(Copy of email Erika Furse sent to Candace.Karrow@scacai.com)
A Restaurant or not in SCA? We have maintained for years that a full-service Restaurant up here is not sustainable nor viable. There are so many eateries in the vicinity with choices of meals and at reasonable prices. Casinos offer a multitude of Restaurants to choose from with the added benefit as a destination which is attractive to most people wanting to eat out occasionally –or to entertain friends or family members.
There is also the question of fairness to a Tenant It would not be right to lure a Restaurateur up here (who may have little experience or knowledge of what it takes to run a Food-Restaurant and make a profit) with promises that we know we cannot keep simply to accommodate a handful of residents. For those that do not understand the complexity of the restaurant business, following is an example of the process that needs to be considered to brake even financially and, at best, make a profit: First, a menu has to be put together, itemized by identifying how much of each ingredient goes into it. These items/quantities have then to be priced based on what he has to pay for them in the store. That will be his cost for just the ingredients. Then he has to consider all the cost of doing business [such as rent, insurance, taxes, utilities, etc with the highest cost-item being employment-related (65 % +, labor-intense business)]. The sums together give him the base to which he has to add whatever percentage to make a profit. At today’s cost of running a full-service food restaurant, in the absents of a guaranteed flow of guests (which could not be expected up here) and high demand of alcoholic beverages (about 30 % profit vs 10 % on food), could not be sustained, especially under the existing conditions mentioned above.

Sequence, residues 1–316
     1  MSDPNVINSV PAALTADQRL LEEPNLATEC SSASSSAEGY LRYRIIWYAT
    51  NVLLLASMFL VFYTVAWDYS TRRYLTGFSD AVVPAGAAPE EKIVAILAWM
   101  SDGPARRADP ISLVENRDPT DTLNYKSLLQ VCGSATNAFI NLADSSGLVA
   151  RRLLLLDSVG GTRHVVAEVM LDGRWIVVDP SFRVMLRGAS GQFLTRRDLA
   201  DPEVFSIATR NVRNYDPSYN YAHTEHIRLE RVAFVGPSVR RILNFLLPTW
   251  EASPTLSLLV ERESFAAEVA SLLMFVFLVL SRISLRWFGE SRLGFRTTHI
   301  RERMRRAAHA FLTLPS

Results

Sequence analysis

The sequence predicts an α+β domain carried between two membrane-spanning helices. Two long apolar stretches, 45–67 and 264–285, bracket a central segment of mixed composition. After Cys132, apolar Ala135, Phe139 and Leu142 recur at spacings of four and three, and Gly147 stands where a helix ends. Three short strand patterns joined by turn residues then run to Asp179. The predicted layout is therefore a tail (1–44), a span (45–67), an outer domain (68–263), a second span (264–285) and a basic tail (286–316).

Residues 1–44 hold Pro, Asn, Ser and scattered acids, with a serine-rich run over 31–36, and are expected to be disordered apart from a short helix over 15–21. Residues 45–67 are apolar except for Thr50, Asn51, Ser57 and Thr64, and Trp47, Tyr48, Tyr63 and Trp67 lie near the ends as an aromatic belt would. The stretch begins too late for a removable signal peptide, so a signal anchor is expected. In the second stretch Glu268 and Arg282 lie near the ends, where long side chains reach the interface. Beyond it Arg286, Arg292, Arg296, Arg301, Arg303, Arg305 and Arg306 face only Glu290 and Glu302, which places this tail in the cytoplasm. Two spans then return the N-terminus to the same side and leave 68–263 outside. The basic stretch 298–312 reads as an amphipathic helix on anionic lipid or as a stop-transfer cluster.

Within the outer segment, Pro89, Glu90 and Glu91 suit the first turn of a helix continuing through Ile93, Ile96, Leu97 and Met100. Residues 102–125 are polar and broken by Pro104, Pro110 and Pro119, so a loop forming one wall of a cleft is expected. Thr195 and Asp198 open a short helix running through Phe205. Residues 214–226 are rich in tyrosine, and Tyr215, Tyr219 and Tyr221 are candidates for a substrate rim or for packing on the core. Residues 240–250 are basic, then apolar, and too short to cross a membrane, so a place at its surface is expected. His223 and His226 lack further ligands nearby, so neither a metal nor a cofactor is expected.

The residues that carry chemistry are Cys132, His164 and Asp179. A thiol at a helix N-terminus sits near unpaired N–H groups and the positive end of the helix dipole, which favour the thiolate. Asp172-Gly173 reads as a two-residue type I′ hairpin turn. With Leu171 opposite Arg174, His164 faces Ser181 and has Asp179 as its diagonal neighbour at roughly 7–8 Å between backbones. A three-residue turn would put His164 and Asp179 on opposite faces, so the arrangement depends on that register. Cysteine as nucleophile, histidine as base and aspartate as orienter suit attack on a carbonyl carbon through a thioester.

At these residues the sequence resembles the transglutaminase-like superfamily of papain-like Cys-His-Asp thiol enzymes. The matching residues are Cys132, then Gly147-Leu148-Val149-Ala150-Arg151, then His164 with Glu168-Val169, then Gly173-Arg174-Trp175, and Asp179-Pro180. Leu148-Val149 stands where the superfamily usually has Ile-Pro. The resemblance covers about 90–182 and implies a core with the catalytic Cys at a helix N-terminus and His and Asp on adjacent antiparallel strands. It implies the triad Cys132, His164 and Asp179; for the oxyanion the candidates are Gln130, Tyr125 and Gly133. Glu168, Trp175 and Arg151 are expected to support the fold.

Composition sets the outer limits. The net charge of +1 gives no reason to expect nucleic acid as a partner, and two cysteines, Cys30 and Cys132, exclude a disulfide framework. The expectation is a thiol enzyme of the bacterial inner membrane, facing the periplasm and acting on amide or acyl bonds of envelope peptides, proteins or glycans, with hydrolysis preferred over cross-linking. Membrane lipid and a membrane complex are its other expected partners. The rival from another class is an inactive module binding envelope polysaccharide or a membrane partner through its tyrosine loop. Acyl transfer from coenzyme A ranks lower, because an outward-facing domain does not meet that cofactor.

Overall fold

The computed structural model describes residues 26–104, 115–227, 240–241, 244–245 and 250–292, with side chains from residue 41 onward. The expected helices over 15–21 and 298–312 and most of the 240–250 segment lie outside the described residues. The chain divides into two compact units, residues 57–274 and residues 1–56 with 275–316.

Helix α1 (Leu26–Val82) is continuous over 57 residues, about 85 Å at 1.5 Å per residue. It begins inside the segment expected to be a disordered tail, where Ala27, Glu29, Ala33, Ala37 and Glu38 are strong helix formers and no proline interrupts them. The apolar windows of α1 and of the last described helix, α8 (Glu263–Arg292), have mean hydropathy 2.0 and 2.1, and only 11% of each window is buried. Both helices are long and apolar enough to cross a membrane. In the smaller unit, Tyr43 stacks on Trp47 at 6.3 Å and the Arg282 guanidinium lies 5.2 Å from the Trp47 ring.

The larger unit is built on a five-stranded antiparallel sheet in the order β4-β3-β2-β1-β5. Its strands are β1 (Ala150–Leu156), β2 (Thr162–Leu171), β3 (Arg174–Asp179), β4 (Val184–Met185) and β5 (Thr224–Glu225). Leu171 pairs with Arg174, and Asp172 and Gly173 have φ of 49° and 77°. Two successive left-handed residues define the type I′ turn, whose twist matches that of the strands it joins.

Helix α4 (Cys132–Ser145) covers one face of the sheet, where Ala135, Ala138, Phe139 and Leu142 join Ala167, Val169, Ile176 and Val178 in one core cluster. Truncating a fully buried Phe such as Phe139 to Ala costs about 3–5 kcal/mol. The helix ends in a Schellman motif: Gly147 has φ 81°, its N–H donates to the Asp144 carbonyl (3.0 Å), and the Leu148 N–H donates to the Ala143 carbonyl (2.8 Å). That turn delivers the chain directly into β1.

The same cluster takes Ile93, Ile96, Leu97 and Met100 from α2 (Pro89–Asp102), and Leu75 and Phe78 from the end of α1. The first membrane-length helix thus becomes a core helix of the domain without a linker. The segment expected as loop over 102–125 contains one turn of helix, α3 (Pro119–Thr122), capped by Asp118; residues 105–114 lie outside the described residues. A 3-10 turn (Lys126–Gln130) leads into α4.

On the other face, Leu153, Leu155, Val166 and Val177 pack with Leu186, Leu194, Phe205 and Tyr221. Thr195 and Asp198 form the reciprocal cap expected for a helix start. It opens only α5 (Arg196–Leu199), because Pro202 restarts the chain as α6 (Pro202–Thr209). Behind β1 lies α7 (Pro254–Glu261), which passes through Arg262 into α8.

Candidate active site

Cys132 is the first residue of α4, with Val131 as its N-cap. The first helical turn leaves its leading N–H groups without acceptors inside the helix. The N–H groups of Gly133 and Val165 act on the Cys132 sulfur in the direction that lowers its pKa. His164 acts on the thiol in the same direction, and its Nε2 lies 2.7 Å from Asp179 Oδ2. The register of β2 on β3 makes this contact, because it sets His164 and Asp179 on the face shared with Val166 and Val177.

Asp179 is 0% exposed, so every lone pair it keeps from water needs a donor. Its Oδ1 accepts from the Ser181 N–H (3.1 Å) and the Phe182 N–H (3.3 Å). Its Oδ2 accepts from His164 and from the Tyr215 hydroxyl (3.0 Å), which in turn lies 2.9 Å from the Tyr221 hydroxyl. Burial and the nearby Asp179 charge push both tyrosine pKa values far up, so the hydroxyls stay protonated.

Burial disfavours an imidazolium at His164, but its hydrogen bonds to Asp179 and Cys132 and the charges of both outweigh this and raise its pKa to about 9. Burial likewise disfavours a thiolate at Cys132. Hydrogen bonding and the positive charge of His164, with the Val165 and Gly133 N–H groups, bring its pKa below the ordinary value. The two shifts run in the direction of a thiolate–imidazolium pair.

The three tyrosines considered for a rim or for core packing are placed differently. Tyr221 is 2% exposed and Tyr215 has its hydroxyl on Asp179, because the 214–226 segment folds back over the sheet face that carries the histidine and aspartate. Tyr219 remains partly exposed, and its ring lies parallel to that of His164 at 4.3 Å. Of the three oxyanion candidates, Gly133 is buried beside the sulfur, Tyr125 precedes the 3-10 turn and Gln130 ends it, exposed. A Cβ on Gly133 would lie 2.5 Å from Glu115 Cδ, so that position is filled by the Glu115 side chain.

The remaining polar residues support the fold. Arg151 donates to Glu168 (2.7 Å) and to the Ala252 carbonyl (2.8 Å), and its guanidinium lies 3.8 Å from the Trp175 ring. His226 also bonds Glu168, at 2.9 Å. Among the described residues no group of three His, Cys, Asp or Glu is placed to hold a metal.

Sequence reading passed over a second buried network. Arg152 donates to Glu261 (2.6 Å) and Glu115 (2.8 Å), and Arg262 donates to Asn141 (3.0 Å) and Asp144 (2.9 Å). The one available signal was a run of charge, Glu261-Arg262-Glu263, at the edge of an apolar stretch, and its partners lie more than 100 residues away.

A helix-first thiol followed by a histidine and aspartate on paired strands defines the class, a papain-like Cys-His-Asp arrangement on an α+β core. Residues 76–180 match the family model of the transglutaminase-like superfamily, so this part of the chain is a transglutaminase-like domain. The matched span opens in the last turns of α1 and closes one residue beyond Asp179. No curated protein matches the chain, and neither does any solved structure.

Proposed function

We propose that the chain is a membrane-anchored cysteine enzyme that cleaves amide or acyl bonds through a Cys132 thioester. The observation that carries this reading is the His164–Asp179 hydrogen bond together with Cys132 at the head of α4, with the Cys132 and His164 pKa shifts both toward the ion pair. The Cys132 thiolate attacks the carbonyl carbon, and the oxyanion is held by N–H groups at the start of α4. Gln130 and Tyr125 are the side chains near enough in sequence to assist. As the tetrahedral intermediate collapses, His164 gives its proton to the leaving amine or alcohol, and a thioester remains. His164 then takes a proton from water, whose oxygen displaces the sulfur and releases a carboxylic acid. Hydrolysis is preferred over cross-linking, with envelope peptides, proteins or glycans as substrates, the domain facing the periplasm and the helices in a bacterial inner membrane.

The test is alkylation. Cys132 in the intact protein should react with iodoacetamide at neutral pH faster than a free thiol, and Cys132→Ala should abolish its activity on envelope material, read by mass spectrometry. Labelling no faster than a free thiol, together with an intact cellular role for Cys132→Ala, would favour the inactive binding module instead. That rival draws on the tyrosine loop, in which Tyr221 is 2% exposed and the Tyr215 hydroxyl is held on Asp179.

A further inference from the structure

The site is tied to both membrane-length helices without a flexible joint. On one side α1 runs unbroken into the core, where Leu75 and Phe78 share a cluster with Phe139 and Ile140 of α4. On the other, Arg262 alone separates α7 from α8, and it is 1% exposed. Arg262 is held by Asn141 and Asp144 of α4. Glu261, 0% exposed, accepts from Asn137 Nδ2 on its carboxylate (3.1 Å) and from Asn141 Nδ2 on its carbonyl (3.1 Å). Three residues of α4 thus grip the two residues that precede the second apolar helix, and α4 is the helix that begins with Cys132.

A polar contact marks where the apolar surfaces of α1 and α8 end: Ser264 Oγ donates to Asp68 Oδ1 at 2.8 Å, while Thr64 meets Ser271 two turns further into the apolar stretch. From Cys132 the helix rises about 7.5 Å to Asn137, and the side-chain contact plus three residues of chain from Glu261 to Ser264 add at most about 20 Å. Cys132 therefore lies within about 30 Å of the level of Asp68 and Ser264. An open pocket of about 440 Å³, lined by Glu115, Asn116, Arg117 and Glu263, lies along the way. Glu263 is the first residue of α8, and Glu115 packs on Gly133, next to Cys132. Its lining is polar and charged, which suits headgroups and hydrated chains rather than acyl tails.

But, does that mean no restaurant at all? There is a large Senior community in Arizona which seems to have just the right solution. In a regular restaurant-setting, the residents, who want to have a brake from spending all the time in their home, can go there to read, meet neighbors, friends, family members, play games, and eat, sort of “a la cafeteria”. At one corner of the room, they have a set-up where they offer healthy salads, soups, sandwiches, all sorts of bakery goods and deserts, coffee, cappuccinos, hot chocolate, other beverages, etc., at very reasonable prices. Guests can spend there as long as they wish, even if the restaurant is not open.
What our Management and Board members have to realize is that they are in the employment of us, the home owners. Their duty is not to accommodate the wishes of some friends or a few neighborss, but to find out through proper channels of communication what the community as a whole needs. They are expected to weigh the benefits of a decision to all versus the potentially resulting higher financial burden to the home owners. It is safe to assume that a great many Seniors up here live on a fixed income and every penny counts.
As for the excuse of an “Amenity”, which translates into an Agreement, it was understandably used by Del Webb to attract and stimulate newcomers to the development. These necessities have long changed!
I hope that these thoughts are in someway helpful to the community, and I want to emphasize that the above is my personal understanding and opinion. Erika Furse, SCA resident